And here is my blog topic.
I was on a roll that day, the next day at home I rolled into computer programs that work when they take a notion, cat litter boxes that needed changed on a regular basis, my grandson who is adorable and wonderful, but needed some attention, and taxes that screamed at me to DO THEM NOW. 

It's easy to roll on vacation days. the challenge is to keep on rolling...




Tuesday, March 4, 2014

Time To Bury The Mule


I have spent the last few blogs on the subject of happiness, and have concluded that I am not going to chase happiness.
I’m going to let it come to me.




 

But I am seeking JOY. As I mentioned in a previous blog, Joy are moments. And I decided I was named Joyce for a good reason. Joy is the first part of my name.

I had an epiphany this morning—that was that each day is a new opportunity. No big surprise there, but you know how it is, a concept can bounce around for years, it grows, it changes, it turns its back on us, it spits in our faces, it loves us, it evolves.

And one day we get it. 

We CAN change the quality of the day. (According to Henry David Thoreau, changing the quality of the day is the highest of the arts.)

Perhaps that is the reason we have nights and slumber. In sleep we wander into the twilight of Neverland, we refresh, we can, if we choose, put a period at the end of yesterday’s sentence.

Although I have a habit of dragging the cares of yesterday, like a dead mule, into the new day.

Time to bury the mule.

 

".... Remember that feeling as a child
When you awoke and morning smiled
It's time its time you felt, felt like that again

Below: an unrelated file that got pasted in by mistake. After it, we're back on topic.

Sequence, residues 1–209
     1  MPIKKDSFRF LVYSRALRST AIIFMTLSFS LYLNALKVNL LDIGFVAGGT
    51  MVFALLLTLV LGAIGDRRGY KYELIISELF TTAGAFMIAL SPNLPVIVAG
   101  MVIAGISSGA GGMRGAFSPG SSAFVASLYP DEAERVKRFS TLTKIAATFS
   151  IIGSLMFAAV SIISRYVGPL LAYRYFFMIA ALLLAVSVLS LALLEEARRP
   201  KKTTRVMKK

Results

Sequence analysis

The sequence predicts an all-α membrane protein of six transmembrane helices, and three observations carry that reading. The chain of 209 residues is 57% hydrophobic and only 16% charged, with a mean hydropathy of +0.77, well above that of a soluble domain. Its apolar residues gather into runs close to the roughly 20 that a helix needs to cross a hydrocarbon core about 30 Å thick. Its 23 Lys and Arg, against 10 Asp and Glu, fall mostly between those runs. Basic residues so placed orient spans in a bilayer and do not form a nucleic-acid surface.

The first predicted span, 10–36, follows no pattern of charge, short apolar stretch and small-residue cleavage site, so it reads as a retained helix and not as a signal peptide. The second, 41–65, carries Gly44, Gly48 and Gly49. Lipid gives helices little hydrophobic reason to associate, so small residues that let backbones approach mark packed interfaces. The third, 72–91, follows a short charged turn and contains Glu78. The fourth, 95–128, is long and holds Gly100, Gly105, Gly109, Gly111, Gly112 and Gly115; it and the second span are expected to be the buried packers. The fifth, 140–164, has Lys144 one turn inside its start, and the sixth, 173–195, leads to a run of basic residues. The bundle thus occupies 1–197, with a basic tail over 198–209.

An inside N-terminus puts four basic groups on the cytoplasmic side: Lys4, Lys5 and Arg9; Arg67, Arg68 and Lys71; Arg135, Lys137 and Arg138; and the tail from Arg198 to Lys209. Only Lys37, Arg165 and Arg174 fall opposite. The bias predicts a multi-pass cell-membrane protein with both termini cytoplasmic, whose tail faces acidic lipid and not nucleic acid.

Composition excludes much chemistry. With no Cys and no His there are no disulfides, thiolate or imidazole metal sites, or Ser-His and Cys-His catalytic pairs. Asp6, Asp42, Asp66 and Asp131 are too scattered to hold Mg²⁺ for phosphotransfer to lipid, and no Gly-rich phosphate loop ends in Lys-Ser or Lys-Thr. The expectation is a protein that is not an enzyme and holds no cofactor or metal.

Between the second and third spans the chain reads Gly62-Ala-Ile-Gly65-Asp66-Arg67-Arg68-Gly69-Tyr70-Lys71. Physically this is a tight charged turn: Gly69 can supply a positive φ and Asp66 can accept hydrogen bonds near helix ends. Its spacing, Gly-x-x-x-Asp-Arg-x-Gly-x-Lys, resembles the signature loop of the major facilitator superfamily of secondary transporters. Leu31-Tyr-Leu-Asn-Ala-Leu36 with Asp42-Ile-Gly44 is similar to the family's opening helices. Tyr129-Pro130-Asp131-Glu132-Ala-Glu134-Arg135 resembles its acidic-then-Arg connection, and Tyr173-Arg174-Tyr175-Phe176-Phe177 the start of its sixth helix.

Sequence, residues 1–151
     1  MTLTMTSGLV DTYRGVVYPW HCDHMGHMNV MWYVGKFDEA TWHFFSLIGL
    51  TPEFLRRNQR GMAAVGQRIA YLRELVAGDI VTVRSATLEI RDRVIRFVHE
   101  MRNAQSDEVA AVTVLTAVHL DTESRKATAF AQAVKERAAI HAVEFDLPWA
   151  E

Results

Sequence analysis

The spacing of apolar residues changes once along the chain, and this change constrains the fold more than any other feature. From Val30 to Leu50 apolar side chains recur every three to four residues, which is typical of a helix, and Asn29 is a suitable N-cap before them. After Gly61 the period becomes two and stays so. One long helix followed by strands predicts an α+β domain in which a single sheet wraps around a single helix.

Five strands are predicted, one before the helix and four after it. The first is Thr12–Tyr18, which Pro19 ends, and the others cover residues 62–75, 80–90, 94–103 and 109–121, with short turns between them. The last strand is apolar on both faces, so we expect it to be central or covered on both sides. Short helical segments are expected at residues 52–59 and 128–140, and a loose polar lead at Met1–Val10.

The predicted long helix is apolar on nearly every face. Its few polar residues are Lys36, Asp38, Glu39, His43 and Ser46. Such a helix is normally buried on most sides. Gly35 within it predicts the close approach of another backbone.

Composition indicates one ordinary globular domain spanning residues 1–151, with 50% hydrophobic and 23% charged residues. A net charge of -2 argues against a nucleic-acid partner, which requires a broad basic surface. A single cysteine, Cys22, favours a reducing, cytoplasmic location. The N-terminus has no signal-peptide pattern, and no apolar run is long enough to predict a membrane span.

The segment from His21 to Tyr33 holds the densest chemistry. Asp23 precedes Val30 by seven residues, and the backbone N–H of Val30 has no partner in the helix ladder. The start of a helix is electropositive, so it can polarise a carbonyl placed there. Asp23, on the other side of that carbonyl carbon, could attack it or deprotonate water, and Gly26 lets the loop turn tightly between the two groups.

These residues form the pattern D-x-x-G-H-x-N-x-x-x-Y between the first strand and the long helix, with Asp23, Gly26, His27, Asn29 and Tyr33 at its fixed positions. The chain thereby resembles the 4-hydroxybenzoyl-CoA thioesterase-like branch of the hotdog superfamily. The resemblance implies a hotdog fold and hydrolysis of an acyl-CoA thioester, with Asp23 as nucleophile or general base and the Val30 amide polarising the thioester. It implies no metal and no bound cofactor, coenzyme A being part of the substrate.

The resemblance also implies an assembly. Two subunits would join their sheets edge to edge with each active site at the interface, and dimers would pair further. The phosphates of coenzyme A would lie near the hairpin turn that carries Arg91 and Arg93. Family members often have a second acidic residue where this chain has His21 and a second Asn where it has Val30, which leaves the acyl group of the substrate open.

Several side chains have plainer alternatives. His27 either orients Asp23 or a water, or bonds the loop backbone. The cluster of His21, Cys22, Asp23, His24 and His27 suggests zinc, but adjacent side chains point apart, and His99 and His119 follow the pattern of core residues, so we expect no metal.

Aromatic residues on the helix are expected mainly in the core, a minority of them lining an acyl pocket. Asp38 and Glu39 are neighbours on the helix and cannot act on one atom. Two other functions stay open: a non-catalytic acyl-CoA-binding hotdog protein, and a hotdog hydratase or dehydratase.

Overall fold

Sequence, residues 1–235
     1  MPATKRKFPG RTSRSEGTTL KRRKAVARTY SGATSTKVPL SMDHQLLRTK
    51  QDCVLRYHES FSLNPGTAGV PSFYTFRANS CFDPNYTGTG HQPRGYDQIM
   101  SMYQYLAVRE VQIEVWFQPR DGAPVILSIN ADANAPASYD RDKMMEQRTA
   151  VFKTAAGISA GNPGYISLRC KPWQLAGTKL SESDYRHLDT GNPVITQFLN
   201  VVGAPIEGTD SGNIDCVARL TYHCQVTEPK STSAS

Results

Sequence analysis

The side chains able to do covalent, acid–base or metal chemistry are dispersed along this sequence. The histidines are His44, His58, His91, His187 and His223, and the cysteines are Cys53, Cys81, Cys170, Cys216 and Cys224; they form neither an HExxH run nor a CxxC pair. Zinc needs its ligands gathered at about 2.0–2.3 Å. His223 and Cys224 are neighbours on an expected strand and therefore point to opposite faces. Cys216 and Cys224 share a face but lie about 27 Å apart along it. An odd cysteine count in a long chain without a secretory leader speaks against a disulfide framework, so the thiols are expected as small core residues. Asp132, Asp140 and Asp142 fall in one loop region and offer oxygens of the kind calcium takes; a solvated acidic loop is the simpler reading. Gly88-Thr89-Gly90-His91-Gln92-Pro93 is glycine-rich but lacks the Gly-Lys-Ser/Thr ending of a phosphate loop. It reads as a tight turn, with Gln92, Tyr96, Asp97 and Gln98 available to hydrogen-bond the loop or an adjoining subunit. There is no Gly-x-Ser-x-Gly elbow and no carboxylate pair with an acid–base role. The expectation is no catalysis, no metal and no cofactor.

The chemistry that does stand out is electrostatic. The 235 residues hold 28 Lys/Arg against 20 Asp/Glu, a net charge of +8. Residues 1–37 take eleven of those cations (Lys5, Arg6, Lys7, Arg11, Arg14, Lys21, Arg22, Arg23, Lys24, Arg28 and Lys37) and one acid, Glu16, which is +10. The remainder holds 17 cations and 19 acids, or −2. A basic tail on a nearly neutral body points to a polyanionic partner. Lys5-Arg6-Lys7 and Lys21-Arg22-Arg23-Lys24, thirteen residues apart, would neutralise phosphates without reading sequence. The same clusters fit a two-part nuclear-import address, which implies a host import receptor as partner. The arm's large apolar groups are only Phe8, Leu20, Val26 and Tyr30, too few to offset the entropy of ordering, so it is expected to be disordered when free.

Come with me, leave your yesterdays, your yesterdays behind,
and TAKE A GIANT STEP OUTSIDE YOUR MIND!"


---written by Gerry Goffin and Carole King, sung by TAJ MAHAL
 
 
 
Read what Elizabeth Gilman (Eat, Pray Love) says about creating/art on http://www.thebestdamnwritersblogontheblock.blogspot.com

Sunday, March 2, 2014

Happiness is the First Egg

February 24, 2014  was an auspicious day. That morning I opened my chicken house door and found a surprise. Our first egg of the season. The first egg from my hen.


This shows the color-- a lovely seafoam green.


This afternoon I decided to give Gertrude and Victoria, the two hens, nice clean hay, deserving chickens that they are.  Hay has a nice sweet aroma, and probably some seeds, while straw is stems only, so, it's hay. Low and behold I found two more eggs. Probably the first one I found was from the day before, since I hadn't checked.  They look white here, but aren't.










 
 
I bought the chickens, on September 5, 2013, they were probably two or three days old when I bought them, and now 7 months later they are grown up laying hens.

The light-colored chick turned out to be a rooster--verboten in town--so he was adopted by a wonderful woman who lives outside the city limits.

She calls him the "Wonder rooster," for his is holding his own with her resident rooster.




This is Gertrude or Victoria, I can't tell which.

Since I had the camera in hand the morning of the found egg, I snapped this daffodil growing by our foundation. Quite a juxtaposition from 2 months ago.


December 6, 2013
 
 

            
                                                                            February 24, 2014
 
That's the news from home this week. For more information, or to click on my other sites kindly scroll to the bottom of the page.
 
Thank you for reading.
Love from our house to yours,
Joyce
 
For a more pithy Joyce check out Granny Shoots from the Hip